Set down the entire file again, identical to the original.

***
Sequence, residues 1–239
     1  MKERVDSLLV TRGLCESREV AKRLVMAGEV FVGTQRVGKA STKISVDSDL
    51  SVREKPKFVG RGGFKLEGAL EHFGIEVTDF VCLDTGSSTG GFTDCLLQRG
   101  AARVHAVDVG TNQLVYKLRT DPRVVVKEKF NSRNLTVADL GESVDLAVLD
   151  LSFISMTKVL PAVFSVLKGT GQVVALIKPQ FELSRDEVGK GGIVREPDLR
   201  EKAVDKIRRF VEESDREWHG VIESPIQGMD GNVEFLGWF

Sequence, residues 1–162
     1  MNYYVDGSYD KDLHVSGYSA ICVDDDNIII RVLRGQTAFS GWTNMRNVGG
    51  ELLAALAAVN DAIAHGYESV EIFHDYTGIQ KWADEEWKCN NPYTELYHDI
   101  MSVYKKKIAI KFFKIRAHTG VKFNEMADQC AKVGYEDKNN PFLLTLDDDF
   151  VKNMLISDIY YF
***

Sequence, residues 1–239
     1  MKERVDSLLV TRGLCESREV AKRLVMAGEV FVGTQRVGKA STKISVDSDL
    51  SVREKPKFVG RGGFKLEGAL EHFGIEVTDF VCLDTGSSTG GFTDCLLQRG
   101  AARVHAVDVG TNQLVYKLRT DPRVVVKEKF NSRNLTVADL GESVDLAVLD
   151  LSFISMTKVL PAVFSVLKGT GQVVALIKPQ FELSRDEVGK GGIVREPDLR
   201  EKAVDKIRRF VEESDREWHG VIESPIQGMD GNVEFLGWF

Sequence, residues 1–162
     1  MNYYVDGSYD KDLHVSGYSA ICVDDDNIII RVLRGQTAFS GWTNMRNVGG
    51  ELLAALAAVN DAIAHGYESV EIFHDYTGIQ KWADEEWKCN NPYTELYHDI
   101  MSVYKKKIAI KFFKIRAHTG VKFNEMADQC AKVGYEDKNN PFLLTLDDDF
   151  VKNMLISDIY YF